This 19-yearold gender equality activist is forging the path to a better future for girls and women here in Canada and around the world.
“What we have done for ourselves alone dies with us; what we have done for others and the world remains and is immortal,” said Albert Pike, American attorney, soldier and writer. Giving back to her local and global communities from a young age, Anjali Katta continues to advocate for those in need, in particular advocating for gender equality and women’s rights here in Canada and around the world.
“It’s important to stay vigilante and to always advocate because as sad as it is, oppressed people won’t have their rights granted to them – they have to constantly fight for them,” says 19-year-old Katta. “I think gender inequality is an important issue to tackle because it’s pervasive everywhere and affects every single one of us.”
In 2013, she launched the nonprofit organization GirlsCo. that strives to “empower girls both locally and globally by bringing to light the issues they face, in order to spread awareness and spark discussion on initiating change.”
GirlsCo. organizes summits, workshops and fundraisers, in addition to managing programs like Bombay Pads that provides sanitary napkins and sexual education for girls living in the slums of Mumbai, India. In developing nations, girls often miss school due to their menstrual cycles, halting their education process and causing them to fall behind male counterparts. The goal of Bombay Pads is to ensure that girls continue to attend school. In addition, GirlsCo. plans to invest in a sanitary napkin machine that would provide employment and sustainable income for older women in the slums.
Each GirlCo. conference ends with a call to action for youth to mobilize in the quest of gender equality. Katta explains, “It is important to show youth that they can do something about it and especially that no action is too small. I really believe in the ripple effect that small changes in a community eventually ripple outward and change the consciousness of entire societies.”
Since the age of six, Katta has been involved in social work and public service – from volunteering at soup kitchens and making jewellery to raise funds for BC Children’s Hospital to volunteering with organizations in India. Her parents taught her that giving back was always a priority, and this principle remains at the forefront in her adult life.
“Helping others has been important to me because I was born into a position of privilege, where I am lucky enough to not only provide for myself and pursue what I want, but to also have the ability to help others and use some of my privilege to voice the concerns of the less privileged.” Katta was selected to advise the Government of Canada’s work through the Girls Advisory Council, created in 2015 to “engage girls across Canada on their priorities and perspectives.” She was honoured to have been selected for the role. “It felt like I would be able to expedite the ripple process that I believed in through working with the government – it was really cool because we got to bypass bureaucracy and come into contact with youth groups directly.”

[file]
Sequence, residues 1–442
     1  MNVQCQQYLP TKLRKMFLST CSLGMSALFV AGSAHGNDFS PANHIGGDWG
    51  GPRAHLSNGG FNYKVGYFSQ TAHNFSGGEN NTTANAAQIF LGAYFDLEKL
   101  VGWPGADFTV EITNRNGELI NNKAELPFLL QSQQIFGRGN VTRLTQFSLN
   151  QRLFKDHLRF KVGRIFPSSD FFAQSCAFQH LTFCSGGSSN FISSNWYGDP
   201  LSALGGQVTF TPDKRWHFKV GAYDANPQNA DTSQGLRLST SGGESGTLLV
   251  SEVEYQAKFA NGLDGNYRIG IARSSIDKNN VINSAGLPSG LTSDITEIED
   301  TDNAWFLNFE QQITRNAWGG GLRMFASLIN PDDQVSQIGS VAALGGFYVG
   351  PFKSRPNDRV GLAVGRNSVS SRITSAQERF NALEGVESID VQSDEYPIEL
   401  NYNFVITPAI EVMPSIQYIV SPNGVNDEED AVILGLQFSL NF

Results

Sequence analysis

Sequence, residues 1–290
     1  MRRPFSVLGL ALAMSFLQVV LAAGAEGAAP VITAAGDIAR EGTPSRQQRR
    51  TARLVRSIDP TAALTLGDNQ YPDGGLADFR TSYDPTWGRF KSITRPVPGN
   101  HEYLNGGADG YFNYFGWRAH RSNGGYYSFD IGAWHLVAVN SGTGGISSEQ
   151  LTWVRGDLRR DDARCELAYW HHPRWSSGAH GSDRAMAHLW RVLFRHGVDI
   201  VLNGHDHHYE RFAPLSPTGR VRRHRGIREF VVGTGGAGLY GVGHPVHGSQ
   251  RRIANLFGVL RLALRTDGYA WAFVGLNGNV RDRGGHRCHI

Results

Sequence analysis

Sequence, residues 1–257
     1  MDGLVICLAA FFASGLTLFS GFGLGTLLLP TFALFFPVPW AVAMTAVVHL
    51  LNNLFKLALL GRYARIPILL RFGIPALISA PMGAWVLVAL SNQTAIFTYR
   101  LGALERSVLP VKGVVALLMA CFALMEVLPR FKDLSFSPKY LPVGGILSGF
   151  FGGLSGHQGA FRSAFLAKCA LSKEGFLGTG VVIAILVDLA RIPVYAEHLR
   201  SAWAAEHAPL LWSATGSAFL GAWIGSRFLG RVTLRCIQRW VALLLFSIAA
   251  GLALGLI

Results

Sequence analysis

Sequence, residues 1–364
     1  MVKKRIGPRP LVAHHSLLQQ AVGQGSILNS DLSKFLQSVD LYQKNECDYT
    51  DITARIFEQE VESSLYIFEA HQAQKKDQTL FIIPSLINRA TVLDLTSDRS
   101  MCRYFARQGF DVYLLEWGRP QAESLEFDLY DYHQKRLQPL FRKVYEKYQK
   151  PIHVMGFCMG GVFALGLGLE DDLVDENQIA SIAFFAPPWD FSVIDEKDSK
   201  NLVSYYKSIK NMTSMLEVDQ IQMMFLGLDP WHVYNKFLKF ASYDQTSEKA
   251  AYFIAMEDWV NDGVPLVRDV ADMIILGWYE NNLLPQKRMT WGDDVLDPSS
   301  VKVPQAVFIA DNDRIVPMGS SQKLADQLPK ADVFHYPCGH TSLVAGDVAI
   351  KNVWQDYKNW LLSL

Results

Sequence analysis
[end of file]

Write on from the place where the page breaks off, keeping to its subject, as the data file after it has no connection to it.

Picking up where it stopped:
Moreover, the young activist has been a speaker at prominent events like Plan International’s Strong Girls, Strong World Summit; One International and Because I am a Girl events and fundraisers; and the United Nations ‘Girls Speak Out’ in New York. “I’ve spoken to young girls on topics of empowerment, importance of education, supporting other girls, and recognizing one’s own capacity for action,” explains Katta. “I love these events, as you see girls truly listening to your words and believing it as I’m the same age as them and recognizable – not some old man telling them that they can achieve what they want, but not representing the path to that achievement.”
Throughout the years, Katta has received numerous awards and accolades for her philanthropy, academics, community service, athletics, and musical talent. More recently, she was the award recipient of Plan International’s coveted ‘Top 20 Under 20’ in 2015, which recognizes young Canadians that demonstrate “outstanding leadership, innovation and achievement, and who are making a difference in their community."
That same year, the United Nations Association in Canada (Vancouver Chapter) bestowed the acclaimed ‘John Gibbard Award for Youth’ to Katta for her “gender equality activism and working towards global betterment,” while upholding the “ideals of the United Nations.” Katta is currently a student at Stanford University in California, and is still figuring out what the future holds. However, she does know that she wants to go into public service. “I’m considering traditional paths for this, like law and politics, but I’m also really considering going down this path through technology and developing tools and methods to make women and girls’ lives better. I think more tech people need to incorporate social good into their innovation mindset.”
Besides her parents, Katta is inspired by activists like Martin Luther King Jr., Mahatma Gandhi, and Angela Davis. She goes on to say, “Whenever I feel myself waver or feel hopeless, I like to read Audre Lorde and Bell Hooks – they always remind me of the importance of activism and fighting for what is right.”